Ghost Crabs Ward Off Predators In A Bizarre Yet Terrifying Way

You've heard of vampire bats. Now get ready for ghost crabs. These pale little critters live on beaches across the world, including Chesapeake Bay and the Galapagos Islands (via the Chesapeake Bay Program and Galapagos Conservation). They can't quite phase through solid objects like your standard ghosts might be able to. But they can change colors to blend in with their environment, and they often bury themselves in the sand to hide from predators, meaning, just like the spookiest of ghosts, they can pop out from nowhere at any moment.

Ghost crabs have plenty of unique features. For instance, though ghost crabs are the fastest crab species, they don't move so well in water, according to Galapagos Conservation. They occasionally duck into the waves to wet their gills or lay eggs, according to the Chesapeake Bay Program, but they don't actually swim. Their mating practices are also unique: The male crab's sperm solidifies inside of his partner, making a sort of barrier to fend off the sperm of rivals. But maybe their coolest feature is the teeth in their stomachs, and the grumbling sound they make to ward off predators (via The New Scientist).

The ghost crab's unique defense mechanism

Talk about rumbling in the tummy. To humans, the idea of being able to deliberately make a noise with our stomachs might sound strange. After all, our digestive system can make noises, but they're completely involuntary, and, often, embarrassing.

But crabs, who don't have vocal cords, have had to come up with unique ways to make noise. One method they use is called stridulations, according to The Guardian. This term describes the sounds that crabs make when they rub their claws together. Normally, this sound is something crabs can use as a sort of intimidation tactic against enemies (via The New Scientist).

But in really high-pressure situations, crabs need to have their claws up and ready to fight. It's sort of like the equivalent of not being able to clap your hands together loudly when you're carrying a weapon. So what do crabs do instead? They grind the teeth in their stomach together.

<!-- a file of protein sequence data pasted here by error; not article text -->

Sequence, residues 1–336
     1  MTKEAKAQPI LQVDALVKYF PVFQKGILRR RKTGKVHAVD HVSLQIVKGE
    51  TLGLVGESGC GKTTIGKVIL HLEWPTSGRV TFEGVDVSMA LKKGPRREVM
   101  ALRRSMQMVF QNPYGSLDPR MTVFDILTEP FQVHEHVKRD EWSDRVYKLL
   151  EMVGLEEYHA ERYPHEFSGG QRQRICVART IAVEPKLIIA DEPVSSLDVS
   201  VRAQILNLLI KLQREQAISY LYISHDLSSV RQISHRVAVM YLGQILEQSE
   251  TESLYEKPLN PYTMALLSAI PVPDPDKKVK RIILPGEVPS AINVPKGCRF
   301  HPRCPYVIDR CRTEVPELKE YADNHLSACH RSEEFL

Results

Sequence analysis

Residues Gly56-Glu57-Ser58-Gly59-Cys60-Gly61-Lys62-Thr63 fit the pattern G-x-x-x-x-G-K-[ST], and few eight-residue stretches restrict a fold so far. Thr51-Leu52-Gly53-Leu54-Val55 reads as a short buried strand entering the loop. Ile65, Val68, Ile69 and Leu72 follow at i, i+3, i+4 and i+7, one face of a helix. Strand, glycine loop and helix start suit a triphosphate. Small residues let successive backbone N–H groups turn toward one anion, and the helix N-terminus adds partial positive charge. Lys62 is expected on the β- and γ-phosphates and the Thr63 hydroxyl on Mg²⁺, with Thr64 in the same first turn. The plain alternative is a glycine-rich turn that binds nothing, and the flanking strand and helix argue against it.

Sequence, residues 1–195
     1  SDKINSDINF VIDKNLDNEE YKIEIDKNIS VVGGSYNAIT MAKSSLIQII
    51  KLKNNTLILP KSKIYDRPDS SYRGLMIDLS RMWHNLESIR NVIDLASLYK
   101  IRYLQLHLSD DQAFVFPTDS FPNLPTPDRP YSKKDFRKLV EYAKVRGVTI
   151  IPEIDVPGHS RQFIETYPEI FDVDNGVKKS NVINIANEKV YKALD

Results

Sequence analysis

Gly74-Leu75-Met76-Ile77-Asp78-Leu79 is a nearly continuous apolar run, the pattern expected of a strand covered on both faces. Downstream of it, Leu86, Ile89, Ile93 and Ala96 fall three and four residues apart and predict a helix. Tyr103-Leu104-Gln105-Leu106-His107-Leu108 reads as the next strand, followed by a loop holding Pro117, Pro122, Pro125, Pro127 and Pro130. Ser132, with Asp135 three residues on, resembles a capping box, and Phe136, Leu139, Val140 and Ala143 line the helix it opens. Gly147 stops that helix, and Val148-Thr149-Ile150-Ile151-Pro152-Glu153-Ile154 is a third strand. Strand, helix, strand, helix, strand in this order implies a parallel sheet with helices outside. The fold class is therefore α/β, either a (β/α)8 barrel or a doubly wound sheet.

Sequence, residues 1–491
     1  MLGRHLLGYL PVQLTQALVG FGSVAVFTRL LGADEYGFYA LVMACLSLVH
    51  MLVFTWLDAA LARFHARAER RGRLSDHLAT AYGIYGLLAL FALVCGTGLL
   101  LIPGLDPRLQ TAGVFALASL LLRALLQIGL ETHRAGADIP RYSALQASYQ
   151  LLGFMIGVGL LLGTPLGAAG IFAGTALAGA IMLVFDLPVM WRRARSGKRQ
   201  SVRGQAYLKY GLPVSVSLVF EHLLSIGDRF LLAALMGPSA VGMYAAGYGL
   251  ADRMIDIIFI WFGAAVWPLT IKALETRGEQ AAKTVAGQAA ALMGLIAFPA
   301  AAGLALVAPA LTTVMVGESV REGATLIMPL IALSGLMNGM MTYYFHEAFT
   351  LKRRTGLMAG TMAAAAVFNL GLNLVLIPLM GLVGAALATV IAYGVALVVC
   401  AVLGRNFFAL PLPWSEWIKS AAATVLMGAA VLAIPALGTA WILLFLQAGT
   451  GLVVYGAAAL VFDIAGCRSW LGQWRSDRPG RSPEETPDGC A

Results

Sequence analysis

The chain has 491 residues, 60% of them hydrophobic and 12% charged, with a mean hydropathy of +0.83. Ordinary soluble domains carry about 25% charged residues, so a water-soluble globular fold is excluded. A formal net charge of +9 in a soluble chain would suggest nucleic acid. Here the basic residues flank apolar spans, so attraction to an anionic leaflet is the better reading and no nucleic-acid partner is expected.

The teeth in a ghost crab's stomach

Ghost crabs have a series of teeth in their stomachs to help digestion, according to The Guardian. Also called gastric mills, these teeth include one larger fang as well as a series of other, smaller teeth. When the crab triggers the gastric mill, these teeth start chewing the bits of food that the crab has eaten to start breaking it down.

Scientists exploring the crabs first discovered that these teeth made noise when they realized the crabs were able to make sounds even when their claws were occupied, per The New Scientist. Following an X-ray, they spotted the teeth grinding around in the stomach. Jennifer Taylor, a biologist who specializes in crabs, told The Guardian that the unique vocalization ability is "definitely an advantage if a predator is up close," adding, "They can pull out their claws and be ready to lunge but still produce these sounds."

These crabs are unique. Both birds and some fish have similar setups, according to The New Scientist, although there are birds that swallow stones to help grind up food, and which make noise. Some fish have teeth in their throats, and those also can make noise and are about as close as anything else gets to the ghost crab's design.